Sunday, December 31, 2006

Buying a car - new or old?

I'm not sure why there is ever a discussion on this topic. I've run through the calculations many times and there is never any way that a new car can be financially justified. One of the more important ways people get into financial trouble is buying depreciating assets. A car is the largest depreciating asset that most people buy. The worst financial decision is to buy a depreciating asset with credit.

Now some very smart people will try to convince you otherwise. A young man named Ramit who writes a blog called Iwillteachyoutoberich does just that. He tries to justify his decision with various reasons but in the end gives himself away when he talks about the "new car smell". This means in the end he made an emotional decision, not a financial decision. (The ironic thing is that "new car smell" is a mix of VOC's including benzene which can be harmful.) New cars depreciate quite rapidly - often 30% right off the lot. Add to that the interest nearly every purchaser pays and the cost of owning that car can double.

Now some people claim that they need a new car for business credibility. I don't buy that logic either. Confidence comes from within - not from external things. Now when I was young I too feel prey to the idea that I needed a shiny red RX-7 to impress the women. Fortunately, I've grown out of that phase although many middle aged men think they suddenly have to buy a new Vette for the same reason. My car strategy at the moment is to buy cars with good repair records that are 5-7 years old which I can pay all cash for. Typically my cars have close to 100,000 miles on them (cars today when maintained will easily go over 200,000 miles - everyone of my 12 cars has.) I keep them well maintained so they don't break down unexpectedly. My typical maintenance costs are less than $1500 a year including routine maintenance.

Let's assume you buy a new car for $25,000 with $3000 down and I buy a $3000 car cash. Now I don't carry collision or theft and carry a $1000 deductible - you'll have to carry collision and theft insurance. Here's a simple spreadsheet:

After 3 years the typical new car buyer is upside down in their car loan so there is no re-sale value per se. The new car buyer is out an extra $14K Vs my strategy.

I have grown tired of buying cars from dealerships. Even with the advent of kbb and other services, the dealers want to play a game of giving me far less than my car is worth and asking over kbb average retail values. Instead, the last 3 cars I have bought have all been on E-bay. I research the cars and history and only bid when I can get close to the wholesale value. So far this strategy has worked extremely well and I have no plans to change it. Even a sudden windfall would not tempt me.

UPDATE: an interesting link from AllFinancialMatters - The Real Reason You Are Broke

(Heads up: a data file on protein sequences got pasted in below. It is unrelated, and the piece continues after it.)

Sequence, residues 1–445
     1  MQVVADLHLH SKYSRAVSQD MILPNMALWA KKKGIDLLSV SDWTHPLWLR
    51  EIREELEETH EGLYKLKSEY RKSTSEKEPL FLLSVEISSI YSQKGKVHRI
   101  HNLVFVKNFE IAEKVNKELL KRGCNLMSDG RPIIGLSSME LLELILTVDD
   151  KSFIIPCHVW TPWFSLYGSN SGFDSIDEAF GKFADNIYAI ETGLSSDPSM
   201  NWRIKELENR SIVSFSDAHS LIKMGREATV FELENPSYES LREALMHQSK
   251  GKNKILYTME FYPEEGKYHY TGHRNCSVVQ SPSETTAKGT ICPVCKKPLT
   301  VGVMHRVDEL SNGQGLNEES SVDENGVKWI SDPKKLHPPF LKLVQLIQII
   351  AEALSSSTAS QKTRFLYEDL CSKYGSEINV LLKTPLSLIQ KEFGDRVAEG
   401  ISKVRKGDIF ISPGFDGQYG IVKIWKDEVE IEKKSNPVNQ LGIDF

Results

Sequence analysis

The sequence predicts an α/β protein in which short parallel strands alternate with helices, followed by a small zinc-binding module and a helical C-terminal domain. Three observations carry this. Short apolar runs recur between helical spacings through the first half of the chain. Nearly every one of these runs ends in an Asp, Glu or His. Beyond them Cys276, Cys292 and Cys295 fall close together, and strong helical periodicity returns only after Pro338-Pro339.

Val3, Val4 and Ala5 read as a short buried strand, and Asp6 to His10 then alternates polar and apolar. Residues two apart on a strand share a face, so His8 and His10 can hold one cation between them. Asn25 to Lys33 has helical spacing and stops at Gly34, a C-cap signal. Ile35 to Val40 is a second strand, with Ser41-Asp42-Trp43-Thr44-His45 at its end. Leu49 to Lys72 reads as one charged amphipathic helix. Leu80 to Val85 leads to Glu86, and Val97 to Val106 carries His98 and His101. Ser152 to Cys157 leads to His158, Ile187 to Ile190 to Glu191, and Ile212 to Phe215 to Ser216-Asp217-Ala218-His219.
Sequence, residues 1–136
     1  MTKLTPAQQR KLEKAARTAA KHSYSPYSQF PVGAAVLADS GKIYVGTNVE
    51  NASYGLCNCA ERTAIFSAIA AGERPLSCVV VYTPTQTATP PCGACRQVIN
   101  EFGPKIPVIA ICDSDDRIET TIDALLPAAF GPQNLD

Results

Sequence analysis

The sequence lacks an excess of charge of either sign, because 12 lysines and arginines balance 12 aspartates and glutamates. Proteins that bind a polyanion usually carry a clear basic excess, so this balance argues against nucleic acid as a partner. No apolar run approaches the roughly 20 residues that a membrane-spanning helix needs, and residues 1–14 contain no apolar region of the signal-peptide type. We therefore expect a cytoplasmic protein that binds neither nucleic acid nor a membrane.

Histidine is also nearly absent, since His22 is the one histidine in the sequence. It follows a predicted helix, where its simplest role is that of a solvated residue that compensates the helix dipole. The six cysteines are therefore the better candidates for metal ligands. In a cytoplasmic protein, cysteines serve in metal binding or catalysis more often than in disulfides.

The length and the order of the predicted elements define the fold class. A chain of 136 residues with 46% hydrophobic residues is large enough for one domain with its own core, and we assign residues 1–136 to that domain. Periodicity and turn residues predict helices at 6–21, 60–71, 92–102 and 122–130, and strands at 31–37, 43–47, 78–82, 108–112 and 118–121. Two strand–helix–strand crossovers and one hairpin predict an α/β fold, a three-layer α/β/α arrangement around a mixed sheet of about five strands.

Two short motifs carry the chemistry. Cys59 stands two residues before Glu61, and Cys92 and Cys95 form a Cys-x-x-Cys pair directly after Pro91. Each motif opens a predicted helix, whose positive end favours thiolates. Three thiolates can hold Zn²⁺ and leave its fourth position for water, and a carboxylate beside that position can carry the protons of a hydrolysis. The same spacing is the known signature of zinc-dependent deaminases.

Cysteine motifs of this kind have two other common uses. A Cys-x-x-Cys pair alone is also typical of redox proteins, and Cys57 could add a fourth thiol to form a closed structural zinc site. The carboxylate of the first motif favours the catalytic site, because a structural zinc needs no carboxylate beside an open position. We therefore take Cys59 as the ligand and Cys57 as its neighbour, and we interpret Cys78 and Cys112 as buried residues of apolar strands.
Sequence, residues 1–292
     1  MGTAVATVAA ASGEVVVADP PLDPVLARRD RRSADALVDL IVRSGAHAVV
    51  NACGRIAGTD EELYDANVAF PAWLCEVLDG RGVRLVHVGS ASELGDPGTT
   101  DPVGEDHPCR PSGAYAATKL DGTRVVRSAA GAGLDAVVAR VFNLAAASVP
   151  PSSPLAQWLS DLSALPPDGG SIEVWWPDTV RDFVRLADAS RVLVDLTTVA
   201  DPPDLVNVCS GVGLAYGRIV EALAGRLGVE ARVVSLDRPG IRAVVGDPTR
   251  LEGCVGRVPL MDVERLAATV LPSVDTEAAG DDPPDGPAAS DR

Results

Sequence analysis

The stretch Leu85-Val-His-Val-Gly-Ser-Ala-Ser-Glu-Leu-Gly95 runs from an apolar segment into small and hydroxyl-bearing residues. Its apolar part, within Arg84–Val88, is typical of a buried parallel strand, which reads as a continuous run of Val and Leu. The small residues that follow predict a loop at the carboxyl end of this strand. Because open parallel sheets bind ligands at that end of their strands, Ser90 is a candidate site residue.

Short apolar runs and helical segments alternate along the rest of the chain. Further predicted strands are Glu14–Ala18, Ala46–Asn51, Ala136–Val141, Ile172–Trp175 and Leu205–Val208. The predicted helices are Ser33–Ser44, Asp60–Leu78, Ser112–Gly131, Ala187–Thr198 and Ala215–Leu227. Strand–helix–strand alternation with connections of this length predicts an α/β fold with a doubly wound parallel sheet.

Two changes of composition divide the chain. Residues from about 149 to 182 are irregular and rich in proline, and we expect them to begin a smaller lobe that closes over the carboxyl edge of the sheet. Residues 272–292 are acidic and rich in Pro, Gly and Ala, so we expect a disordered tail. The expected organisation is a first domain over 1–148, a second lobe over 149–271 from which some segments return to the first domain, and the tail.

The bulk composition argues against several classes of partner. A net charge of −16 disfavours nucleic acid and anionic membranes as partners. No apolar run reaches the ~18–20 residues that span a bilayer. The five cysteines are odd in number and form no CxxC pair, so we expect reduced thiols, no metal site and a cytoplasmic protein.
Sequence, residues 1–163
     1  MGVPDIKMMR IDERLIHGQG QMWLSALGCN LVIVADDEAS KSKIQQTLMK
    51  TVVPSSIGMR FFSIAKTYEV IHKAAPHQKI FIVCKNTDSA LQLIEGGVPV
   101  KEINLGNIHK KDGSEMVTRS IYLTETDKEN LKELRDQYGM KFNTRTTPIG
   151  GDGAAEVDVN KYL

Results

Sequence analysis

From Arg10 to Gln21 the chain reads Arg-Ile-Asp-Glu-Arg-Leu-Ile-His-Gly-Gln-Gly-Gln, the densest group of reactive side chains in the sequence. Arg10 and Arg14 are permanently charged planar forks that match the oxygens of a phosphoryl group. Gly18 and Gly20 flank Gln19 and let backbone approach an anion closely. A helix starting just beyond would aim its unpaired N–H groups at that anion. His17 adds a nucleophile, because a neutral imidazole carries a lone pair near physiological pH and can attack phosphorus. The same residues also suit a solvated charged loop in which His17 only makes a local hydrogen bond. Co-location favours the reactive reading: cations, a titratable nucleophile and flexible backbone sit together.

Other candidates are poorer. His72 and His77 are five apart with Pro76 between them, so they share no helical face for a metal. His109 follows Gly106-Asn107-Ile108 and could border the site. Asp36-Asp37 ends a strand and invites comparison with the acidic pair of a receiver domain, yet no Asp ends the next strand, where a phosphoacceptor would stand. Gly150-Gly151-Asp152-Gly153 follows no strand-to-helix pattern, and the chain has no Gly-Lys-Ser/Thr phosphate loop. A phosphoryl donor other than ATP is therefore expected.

Dave said...

I recently bought a car (60k miles) from a friend for $4k cash. I knew the friend, trusted him, and the car never had any major problems when we had it. I did some research online and found this particular model had a history of engine sludge problems. I took my chances and bought the car.

Now, less than 6 months later, I've put $2k into repairing the engine (yep - sludge), $500 new tires (not unexpected), and a couple hundred on shifter cable and brakework. Now the engine light is on (bad O2 sensor), the driver's side power window is off the track, and the trunk lid doesn't stay open.

Do you have a point in your history of used cars where you reach and say "No, this is costing too much to own"? At this point I've sunk nearly $7000 into it, with probably another $500 or so to go to fix the current known issues. Am I just throwing good money after bad? Or are random repairs like this par for used cars, and I'm still really coming out ahead?

Paul said...

Outside of the engine problems your maintenance problems don't seem out of line. I read recently where the run-flat tires on the Honda Odessey last only 32K miles and cost about $500 apiece to replace. I like to buy 80k mile tires and rotate every 5k miles (Dunn Tires does it free for me)

I've had a couple of bad experiences with cars. A big Ford van got to be too expensive to maintain. I also had a Dodge Intrepid with a fuel system that failed while on long distance trips 3 times.

If the car is what I call a "lemon" class (made poorly with lots of history of repairs needed, I'd get rid of it.

If you investigate a car and find a known problem - don't buy it (even if from a friend)! Do your homework before you buy.

Unknown said...

Hi Paul, I looked for a contact link but could not find one, so I will post a comment in the hopes that you will see it.

While I am fairly good at finances and investing, I am very bad at auto ownership. I'm totally sold on the buying used argument, but I don't want to screw it up. Do you know of any resources that teach a person how to identify a car with a good record and how to do basic maintenance or how to get professional assistance? I.e., when are mechanics too expensive, etc.?

Many thanks,
zack at

Paul said...

I would check out Consumer Reports for the most impartial review of car reliability data.

My job is in the quality field and the company I work for sells about a third of our products to the auto industry. I can tell you that by and large the Japanese car companies are far more focused on producing a good quality product than are American based car companies. Toyota and Honda have led the pack in terms of quality for over 20 years now.